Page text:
The increasing prevalence of “telemedicine” and “mobile healthcare” has medical professionals concerned about the privacy of patient health records. A new technology has been proposed to create a “next-generation secure, personalized healthcare,” and it’s the encryption of patient data with their own heartbeat.
Cryptography has long been the traditional method for ensuring digital privacy. It’s a way of “storing and transmitting data in a particular form” so that the right person can access the data and the wrong person cannot. But Binghamton University scientist and co-author of a new study Zhanpeng Jin believes in a less expensive, less time-consuming, and less computing-intensive option to secure health records.
"The cost and complexity of traditional encryption solutions prevent them being directly applied to telemedicine or mobile healthcare,” Jin said. “Those systems are gradually replacing clinic-centered healthcare, and we wanted to find a unique solution to protect sensitive personal health data with something simple, available and cost-effective.”
Jin, along with colleagues from the State University of New York, developed a system that encrypts individual patient data with their electrocardiograph (ECG) as the key giving them the power to grant or restrict access to their health records.
In the past, Jin developed a technology that transformed an individual’s brainprint into a “password” to unlock files on computers and in buildings. His current research on the heartbeat as a passcode built on the brainprint technology and was recently presented at The IEEE Global Communications Conference. Jin argues that encrypting data with an ECG simultaneously minimizes cost and improves security and privacy.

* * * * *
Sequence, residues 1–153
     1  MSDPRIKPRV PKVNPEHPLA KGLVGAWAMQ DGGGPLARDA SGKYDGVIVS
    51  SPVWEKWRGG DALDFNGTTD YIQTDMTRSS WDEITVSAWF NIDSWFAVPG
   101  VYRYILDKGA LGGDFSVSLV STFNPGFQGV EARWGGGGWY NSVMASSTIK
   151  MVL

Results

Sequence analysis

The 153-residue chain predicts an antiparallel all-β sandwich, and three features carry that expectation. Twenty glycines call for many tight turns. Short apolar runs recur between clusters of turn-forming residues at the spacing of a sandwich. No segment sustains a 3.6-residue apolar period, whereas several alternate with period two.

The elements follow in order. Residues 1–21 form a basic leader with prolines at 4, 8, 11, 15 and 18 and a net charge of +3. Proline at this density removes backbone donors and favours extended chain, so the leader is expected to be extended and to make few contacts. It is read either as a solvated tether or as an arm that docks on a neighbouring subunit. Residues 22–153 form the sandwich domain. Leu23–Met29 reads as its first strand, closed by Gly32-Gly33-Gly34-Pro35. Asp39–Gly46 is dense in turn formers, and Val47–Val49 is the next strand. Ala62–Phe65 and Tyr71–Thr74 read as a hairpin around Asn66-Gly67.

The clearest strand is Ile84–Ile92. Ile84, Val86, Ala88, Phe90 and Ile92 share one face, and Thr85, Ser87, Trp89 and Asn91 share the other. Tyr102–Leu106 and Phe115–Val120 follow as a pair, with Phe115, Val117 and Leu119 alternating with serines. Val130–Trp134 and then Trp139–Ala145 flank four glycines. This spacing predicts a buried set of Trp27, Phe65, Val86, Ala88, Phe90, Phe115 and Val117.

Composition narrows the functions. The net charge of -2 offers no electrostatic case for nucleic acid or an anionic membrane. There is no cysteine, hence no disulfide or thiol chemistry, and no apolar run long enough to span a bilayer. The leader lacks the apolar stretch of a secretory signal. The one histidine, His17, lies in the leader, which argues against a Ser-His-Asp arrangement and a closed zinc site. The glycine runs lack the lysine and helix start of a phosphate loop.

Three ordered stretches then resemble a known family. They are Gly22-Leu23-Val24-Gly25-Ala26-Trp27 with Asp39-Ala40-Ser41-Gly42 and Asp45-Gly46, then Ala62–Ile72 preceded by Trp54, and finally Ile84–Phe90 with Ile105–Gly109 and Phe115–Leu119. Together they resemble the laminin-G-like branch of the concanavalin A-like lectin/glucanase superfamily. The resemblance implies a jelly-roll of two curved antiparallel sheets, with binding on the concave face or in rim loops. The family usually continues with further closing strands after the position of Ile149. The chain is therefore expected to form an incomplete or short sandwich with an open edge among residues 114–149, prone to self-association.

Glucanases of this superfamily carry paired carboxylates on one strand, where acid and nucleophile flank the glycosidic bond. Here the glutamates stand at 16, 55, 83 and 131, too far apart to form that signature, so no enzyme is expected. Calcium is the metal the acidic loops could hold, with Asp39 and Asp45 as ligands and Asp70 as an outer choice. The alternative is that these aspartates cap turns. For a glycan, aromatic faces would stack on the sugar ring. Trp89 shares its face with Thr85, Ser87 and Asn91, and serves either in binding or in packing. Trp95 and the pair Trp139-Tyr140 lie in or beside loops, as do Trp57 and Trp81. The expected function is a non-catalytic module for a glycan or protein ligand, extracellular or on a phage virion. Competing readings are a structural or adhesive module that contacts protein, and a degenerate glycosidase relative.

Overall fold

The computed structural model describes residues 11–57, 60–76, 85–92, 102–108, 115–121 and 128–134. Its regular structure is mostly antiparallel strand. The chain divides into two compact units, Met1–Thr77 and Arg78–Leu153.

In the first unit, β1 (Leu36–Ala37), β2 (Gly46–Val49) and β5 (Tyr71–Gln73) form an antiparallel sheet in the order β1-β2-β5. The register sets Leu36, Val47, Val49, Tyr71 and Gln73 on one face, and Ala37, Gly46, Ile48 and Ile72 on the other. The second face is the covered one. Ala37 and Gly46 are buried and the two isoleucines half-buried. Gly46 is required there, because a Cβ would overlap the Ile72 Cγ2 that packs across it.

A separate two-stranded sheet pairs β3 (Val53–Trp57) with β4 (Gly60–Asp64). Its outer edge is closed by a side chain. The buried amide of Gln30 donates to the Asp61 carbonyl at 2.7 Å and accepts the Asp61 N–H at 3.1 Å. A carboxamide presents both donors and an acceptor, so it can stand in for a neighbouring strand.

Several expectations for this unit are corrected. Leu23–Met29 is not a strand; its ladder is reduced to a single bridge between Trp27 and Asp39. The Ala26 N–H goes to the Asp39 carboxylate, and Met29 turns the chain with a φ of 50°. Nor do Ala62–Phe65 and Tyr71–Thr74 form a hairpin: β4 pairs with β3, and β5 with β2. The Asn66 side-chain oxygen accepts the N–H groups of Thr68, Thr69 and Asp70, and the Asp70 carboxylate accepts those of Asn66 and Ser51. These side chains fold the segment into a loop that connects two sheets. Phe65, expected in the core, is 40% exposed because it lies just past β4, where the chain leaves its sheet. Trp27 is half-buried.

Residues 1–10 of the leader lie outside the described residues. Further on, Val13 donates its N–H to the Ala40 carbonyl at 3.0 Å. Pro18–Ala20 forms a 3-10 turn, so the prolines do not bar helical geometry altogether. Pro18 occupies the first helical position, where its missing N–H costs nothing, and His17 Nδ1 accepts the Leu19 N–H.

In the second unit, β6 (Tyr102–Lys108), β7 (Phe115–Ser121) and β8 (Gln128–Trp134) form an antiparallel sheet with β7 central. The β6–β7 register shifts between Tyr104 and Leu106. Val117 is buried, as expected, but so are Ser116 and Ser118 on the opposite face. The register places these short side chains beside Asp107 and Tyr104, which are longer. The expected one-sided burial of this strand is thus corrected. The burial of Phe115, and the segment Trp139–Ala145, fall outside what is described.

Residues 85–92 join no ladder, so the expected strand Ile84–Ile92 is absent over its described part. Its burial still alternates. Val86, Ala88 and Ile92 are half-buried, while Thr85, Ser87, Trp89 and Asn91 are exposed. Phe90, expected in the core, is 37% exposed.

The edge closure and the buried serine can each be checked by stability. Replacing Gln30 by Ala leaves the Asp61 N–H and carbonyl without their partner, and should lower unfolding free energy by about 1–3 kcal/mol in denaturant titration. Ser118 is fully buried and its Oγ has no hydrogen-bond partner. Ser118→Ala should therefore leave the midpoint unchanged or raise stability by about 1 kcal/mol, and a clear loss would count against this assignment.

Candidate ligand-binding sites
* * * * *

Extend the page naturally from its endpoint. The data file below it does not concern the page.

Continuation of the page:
An ECG is a test doctors use to quantify the electrical activity of the heartbeat, as it emits an electrical pulse with every beat. In the clinic, an ECG provides doctors with the amount of time electrical waves tae to pass through the heart: fast, slow, or a regular amount. Additionally, quantifying the amount of electrical activity in the heart can provide insight on overworked or too-large portions of the heart muscle.
"The ECG signal is one of the most important and common physiological parameters collected and analyzed to understand a patient's' health," Jin said. "While ECG signals are collected for clinical diagnosis and transmitted through networks to electronic health records, we strategically reused the ECG signals for the data encryption.”
Just as an individual’s heart health is subject to change during aging or experiences of illness and injury, and ECG will change over time. Whether an individual’s ECG changes or they just want to alter access to their health records, Jin and his team are working on a way for the technology to take these variable into account, making the new encryption model a sustainable resource for medical professionals.